Thus, a topless club only has erotic attraction precisely because the rest of society requires that breasts be covered up. No man would look twice at a woman’s breasts if men were raised in a culture where all women were naked from birth.

BeyThat’s why I am certain that, if put to a vote tomorrow, the great majority of women would vote to keep the breasts covered. Because only by a teasing exposure of them, as in a photo of Jay-Z glaring at Beyonce’s teasingly exposed cleavage, can the erotic thrive.

In this way, also, flourishes the commodification of women’s bodies. By this means, women benefit remuneratively, in one form or another, as dates, mistresses, concubines, mile-high sex flight attendants, paid escorts, nude masseuses, young wives of old rich men, etc.

There’s a superb exchange in the Rodgers and Hammerstein musical, “The King and I” where the king rebukes Anna for too much exposure. Anna protests that the king’s ladies are also exposed:

“What is so extraordinary about bare shoulders?” Anna protests. “Your own ladies. …”
“Ah, yes, but it’s different, because of not wearing so many covering ups on other parts of body. … And therefore is different.”

monroeItchAs the great French movie critic, Andre Bazin wrote of the iconic subway scene in “The Seven Year Itch”: only in a repressed sexual culture could an erotic scene like that be possible.

The blogger herself concedes contrary points of view:

“I want my boobs to look bigger when I wear a certain dress”!

In other words, sometimes a woman wants her boobs to be looked at, and sometimes she’s offended when she’s looked at. Unfortunately, it’s up to the man to figure out when. This is typical of the equivocal or polysemous messages that women send men all the time.

In an overlooked part of the Cosby deposition, Cosby says that he knows how to “read” women.

For hominism, the burden placed on men to have to read women is where all the problems start. Let’s require women to read men for a change.

The writer continues:

“In my eyes I did not dress sexy or provocative (and what if I did?) and yet there were 3 (!!!!) men during a 2 hour walk that felt the need to comment on my boobs. This really pissed me off.”

Whether this writer is a feminist or not, her comment is typical of feminism in several ways. First we note its reduction of all testable reality to women’s “feelings.”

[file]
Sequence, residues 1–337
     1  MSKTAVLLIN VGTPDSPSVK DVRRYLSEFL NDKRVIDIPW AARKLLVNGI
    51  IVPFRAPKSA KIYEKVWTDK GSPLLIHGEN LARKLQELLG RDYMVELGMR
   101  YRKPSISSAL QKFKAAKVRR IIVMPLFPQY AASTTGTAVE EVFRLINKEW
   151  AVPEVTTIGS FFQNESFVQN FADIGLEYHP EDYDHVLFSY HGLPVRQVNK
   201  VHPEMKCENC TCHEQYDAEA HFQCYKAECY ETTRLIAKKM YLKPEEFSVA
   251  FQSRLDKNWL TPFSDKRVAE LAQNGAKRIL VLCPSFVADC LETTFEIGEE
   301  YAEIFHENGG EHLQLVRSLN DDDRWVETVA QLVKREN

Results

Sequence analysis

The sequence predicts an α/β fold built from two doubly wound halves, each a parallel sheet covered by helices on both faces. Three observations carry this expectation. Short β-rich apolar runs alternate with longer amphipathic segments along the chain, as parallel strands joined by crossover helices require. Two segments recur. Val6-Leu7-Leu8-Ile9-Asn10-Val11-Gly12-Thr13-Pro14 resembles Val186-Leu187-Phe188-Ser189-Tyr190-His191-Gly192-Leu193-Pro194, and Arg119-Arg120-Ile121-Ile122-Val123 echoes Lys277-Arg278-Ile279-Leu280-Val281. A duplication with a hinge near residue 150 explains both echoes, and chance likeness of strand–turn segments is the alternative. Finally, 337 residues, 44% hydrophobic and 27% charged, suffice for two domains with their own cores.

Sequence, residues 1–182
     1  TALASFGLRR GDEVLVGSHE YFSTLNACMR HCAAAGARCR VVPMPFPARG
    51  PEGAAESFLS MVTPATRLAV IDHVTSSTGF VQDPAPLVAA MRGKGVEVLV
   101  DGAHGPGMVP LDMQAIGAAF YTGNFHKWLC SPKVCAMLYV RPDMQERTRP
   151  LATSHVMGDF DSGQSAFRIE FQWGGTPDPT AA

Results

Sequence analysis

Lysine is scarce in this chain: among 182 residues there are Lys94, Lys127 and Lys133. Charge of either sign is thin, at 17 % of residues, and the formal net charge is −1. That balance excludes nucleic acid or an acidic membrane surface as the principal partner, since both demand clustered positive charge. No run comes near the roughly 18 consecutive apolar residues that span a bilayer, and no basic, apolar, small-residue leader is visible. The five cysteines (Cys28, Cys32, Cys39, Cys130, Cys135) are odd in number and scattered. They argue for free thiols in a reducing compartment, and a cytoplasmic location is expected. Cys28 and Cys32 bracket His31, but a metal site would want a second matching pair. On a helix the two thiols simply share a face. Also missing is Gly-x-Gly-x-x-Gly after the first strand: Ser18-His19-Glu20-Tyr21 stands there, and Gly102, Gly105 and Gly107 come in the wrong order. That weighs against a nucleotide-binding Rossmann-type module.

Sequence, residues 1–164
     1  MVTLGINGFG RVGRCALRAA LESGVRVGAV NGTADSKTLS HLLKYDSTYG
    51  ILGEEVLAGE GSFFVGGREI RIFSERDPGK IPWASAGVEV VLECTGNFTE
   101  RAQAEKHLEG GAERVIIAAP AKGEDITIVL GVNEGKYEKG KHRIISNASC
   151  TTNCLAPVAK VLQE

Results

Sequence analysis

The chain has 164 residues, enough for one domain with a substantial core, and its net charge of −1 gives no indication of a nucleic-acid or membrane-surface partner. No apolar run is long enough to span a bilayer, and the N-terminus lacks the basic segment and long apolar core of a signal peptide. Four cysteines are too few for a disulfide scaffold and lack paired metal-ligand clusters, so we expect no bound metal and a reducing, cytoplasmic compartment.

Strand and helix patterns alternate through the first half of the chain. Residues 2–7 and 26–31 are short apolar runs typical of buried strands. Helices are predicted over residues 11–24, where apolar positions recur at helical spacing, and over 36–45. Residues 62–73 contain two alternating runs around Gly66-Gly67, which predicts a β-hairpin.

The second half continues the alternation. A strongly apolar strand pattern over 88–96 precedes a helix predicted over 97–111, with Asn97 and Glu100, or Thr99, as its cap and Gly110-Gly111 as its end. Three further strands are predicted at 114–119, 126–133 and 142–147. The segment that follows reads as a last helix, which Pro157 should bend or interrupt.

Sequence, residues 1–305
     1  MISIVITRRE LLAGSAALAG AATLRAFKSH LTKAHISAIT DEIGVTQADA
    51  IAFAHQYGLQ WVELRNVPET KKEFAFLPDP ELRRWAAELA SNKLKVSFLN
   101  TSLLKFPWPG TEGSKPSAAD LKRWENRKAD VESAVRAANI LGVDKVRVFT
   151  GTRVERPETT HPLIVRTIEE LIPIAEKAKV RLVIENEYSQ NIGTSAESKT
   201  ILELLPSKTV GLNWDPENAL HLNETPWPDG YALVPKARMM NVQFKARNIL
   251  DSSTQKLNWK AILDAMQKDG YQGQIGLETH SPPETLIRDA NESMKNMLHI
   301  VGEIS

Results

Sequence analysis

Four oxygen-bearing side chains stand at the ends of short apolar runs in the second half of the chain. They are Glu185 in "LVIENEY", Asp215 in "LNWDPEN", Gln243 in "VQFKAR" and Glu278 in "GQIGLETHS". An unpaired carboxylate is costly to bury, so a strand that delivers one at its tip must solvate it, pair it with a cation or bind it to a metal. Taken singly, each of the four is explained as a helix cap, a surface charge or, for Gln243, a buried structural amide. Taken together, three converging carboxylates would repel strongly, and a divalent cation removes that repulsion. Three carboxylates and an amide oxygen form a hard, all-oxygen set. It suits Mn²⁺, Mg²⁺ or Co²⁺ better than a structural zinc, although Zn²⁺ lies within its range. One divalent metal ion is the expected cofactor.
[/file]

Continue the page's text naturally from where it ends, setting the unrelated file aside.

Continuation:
Hence the growing feminist emotive lexicon; including words such as “appalled,” “offended,” “outraged,” “insulted,” “felt humiliated,” “mortified,” etc. We can hereby include the word “pissed” in that lexicon.

Yet reality is not based on how one feels. A child feels bored watching Verdi’s “Il Trovatore.” But that’s hardly an empirical, or aesthetic, comment on the opera.

Many feel bored watching a baseball game, compared to a football game. Motorists are offended when police stop them for being five miles over the limit. That doesn’t mean the police acted improperly.

A first-time offender is mortified having his arrest photo taken. On the other hand, many hardened criminals are not offended, and do not feel mortified, knowing that they beat an 80 year old woman half to death.

“In my eyes” is another characteristic phrase of feminism. In fact those words may underpine the entire feminist ideology, whether this blogger is feminist or not. There’s even an American feminist series called “Through a Woman’s Eyes.”

Now the whole point of hominism is no longer to see “through a woman’s eyes.” We as hominists must no longer think inside the feminist box.

For feminism has historically lacked an emprical adequation of terms. “Sexism” or “misogyny” is whatever offends women. Thus in order to genuinely philosophize about sexism, we must no longer be trapped inside the feminist episteme.

As the French philosopher, Michel Foucault wrote, every episteme is an ideological knowledge-power apparatus. It controls what passes for legitimate “knowledge,” as well as what is excluded as legitimate “knowledge.”

In this way, feminism weaponizes all terms related to sexism. The use of these words thus no longer reflect an empirical reality, but rather what a woman “feels” about an empirical reality, seen “through a woman’s eyes.”

Regarding the comment, “I did not dress sexy or provocative,” my entire commentary addresses that issue. All exposure of the female body in our culture is erotic, regardless of intent.

Not because of some evil “patriarchy” or lascivious sexist men. But because the erotic is built into the gendering of the sexes as passive feminine and active masculine, as sexual Object and sexual Voyeur.

Whether this or that woman thrives on the erotic or not is irrelevant. Yet most do.

That’s why the comment that some feminists make, “I was fully covered up and still I was sexualized,” says nothing about the phenomenology of the erotic in our culture.

The erotic is not based on how much exposure a woman shows. It’s true, however, that exposure heightens the erotic excitation. But is not a necessary condition of it.

In the same way, $10,000 on an old man heightens the cupidity of a mugger. Yet even $10 would be sufficent, or no money at all.

A mugger sees all pedestrians as a source of money, based on the commonplace that all people have money. In the same way, men see all women as a source of erotic sex, based on how most women behave.

After all, every stripper begins her sex tease fully dressed. It is that fully dressed woman that the guy sees on the subway. Mainly due to the stripper he paid for the night before, he wants to see the straphanger remove her clothes, as the stripper predictably did the evening before.